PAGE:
Saturday, Feb. 13
South Carolina's greatest artists
One of the biggest and most important exhibitions Columbia has had in a while opens today at the McKissick Museum at USC. “Grass Roots: African Origins of an American Art” is an in-depth look at the baskets created along the South Carolina coast for hundreds of years and counterparts in Africa. Many of the baskets are from the USC collection and the show will travel to the Smithsonian and the new Museum for African Art in New York. In the show is a rare, recently-discovered basket from the mid-19th century (pictured)

The show opens today at 11. Between then and 4 you can take tours with curator Dale Rosengarten and basketmaker Nakia Wigfall and listen to a lecture on rice plantations.
Call 777-7251. (I’ll have more about the show Sunday. You can also check out a piece I did for Free Times last week at freetimes)

Young talent and old composers
The South Carolina Philharmonic has is calling tonight’s concert “From Russia, With Love,” but it might have dubbed the whole weekend “Young Love.” The soloist tonight is 17 and Sunday three ensembles of the Philharmonic Youth Orchestras play.

Sean Yeh is performing as winner of the Southeastern Piano Festival held in Columbia each summer. He has plenty of other awards too and made his orchestral debut with the Chicago Symphony in 2008. He’ll play Ravel’s Piano Concerto for the Left Hand.
The concert opens with the “Romeo and Juliet Fantasy Overture” by Tchaikovsky – one of the most popular orchestra works– and the Rachmaninoff Third Symphony.

A silent fund raising auction starts in the Koger Center lobby at 6, music director Morihiko Nakahara  (to right in his 007 pose) gives a talk at 6:30 and the music starts at 7:30.
Tickets are $18 to $50. (803) 251-2222 or 
The Youth Orchestras concert is at 3 p.m. Sunday at the Koger Center where tickets can be purchased for $10 (half that for kids.)

Movie about the mills
The exhibition “Olympia” has gotten the 701 Center for Contemporary Art deeply into the mill aesthetic. Today is set aside for movies about mills and mill workers.
"The Cry of the Children" is a 1912 film about child labor in the mills and "The Uprising of 1934," a 1995 documentary about a textile strike during which 500,000 workers walked off the job. Tom Terrill, a retired history professor who worked on “The Uprising,” will lead a discussion after it is show at 1:30. “Children” runs at 11:30 and 4.
This event is free and open to the public.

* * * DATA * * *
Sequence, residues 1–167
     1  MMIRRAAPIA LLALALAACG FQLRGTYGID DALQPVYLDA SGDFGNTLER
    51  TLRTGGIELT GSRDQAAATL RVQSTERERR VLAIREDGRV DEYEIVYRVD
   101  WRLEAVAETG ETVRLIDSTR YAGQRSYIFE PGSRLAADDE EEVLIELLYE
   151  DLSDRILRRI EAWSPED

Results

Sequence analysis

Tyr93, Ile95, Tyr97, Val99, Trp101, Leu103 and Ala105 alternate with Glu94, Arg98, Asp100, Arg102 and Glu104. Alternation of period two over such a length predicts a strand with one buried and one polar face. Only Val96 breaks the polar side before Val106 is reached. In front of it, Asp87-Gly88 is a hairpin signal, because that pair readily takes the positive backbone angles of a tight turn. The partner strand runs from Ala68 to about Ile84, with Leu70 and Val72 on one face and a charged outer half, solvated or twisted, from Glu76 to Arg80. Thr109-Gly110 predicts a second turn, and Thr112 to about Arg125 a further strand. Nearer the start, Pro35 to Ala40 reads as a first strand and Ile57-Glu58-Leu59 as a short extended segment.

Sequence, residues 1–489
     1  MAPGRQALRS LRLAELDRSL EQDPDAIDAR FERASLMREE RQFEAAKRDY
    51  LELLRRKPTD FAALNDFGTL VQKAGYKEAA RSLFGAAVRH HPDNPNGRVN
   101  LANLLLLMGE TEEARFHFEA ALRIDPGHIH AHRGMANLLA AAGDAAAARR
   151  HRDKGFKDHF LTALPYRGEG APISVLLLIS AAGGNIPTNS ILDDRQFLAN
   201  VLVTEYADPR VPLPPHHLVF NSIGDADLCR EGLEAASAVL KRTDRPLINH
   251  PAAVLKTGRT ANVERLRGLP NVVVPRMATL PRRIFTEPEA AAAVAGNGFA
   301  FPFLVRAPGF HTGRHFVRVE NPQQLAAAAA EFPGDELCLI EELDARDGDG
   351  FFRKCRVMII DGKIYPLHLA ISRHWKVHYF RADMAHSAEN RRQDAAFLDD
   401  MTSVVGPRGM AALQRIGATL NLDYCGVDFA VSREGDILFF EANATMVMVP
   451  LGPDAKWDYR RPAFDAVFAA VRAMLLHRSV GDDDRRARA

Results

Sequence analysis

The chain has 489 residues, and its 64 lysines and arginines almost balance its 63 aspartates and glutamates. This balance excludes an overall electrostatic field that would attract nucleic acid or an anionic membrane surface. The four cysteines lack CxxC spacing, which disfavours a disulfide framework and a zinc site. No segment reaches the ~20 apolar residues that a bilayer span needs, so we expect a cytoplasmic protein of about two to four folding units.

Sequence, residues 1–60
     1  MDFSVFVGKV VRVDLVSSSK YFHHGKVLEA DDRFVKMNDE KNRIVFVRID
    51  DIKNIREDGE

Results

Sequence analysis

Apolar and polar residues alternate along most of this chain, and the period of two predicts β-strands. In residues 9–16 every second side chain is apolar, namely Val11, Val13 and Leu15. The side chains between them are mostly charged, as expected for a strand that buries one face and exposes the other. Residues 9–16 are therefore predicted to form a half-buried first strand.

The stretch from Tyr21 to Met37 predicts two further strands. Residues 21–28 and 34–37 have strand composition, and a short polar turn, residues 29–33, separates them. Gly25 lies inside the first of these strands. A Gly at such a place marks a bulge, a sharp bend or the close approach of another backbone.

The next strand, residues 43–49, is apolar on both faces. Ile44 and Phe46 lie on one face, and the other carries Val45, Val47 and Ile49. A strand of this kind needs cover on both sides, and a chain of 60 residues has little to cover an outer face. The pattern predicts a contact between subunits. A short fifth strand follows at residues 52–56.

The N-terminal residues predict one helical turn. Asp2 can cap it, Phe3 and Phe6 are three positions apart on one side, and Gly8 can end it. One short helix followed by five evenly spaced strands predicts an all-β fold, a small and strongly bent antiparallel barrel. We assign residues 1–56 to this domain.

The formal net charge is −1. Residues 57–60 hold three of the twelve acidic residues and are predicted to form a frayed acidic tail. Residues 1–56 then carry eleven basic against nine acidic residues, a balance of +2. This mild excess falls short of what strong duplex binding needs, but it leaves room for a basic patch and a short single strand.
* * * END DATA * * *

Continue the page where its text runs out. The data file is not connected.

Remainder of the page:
The center is at 701 Whaley St., second floor. 779-4571.

You sexy thing
The “What’s Love Fest” is back for the third year. The popular party has food, drinks, music, dancing and art all tied together by love and lust. Some of what’s served up is temping, some tame, some tempestuous.
The party is at 701 Whaley from 7 to midnight and admission is $15 in advance and $20 at the door. The exhibition will also be open from 2 to 6 p.m. Sunday.
You can buy tickets online at

Sunday, Feb, 14
Innovative Innovista unveils new music by dean

Two new works by Tayloe Harding, dean of the USC Music School, have public world premieres today as part of the Chamber Innovista series. “Love Songs” consists of two parts, “Paul to the Corinthians – Agape” and “Inmost Heart – Romantic’ and will be performed by be Tina Stallard, soprano; Jessica Leeth, flute; and Christopher Berg, guitar.

The two short works are part of a four-song cycle Harding is writing. Both use text exploring varieties of love and came about in unusual ways. “Agape” was written for Harding’s daughter’s wedding which takes place the day before concert (so the composer will not be at the concert.)  The second was a commission auctioned at a fund raiser for the music school. The first piece is based on a text from the New Testament, the second from the I Ching, the classic Chinese text.

Also being played at the 3 p.m. concert  is “Dover Beach for Baritone and String Quartet, Op. 3” by Samuel Barber;  “The Summer Knows” by Michel Legrand; “Cabaña Cubano” by Bert Ligon; and “Terzetto for Oboe, Bassoon and Piano, Op. 22” by Theodore Lalliet
The concert will take place not at the music school by at 300 Senate St. Admission is $15. Call 777-4288.

Go for Baroque (you’ve heard that before)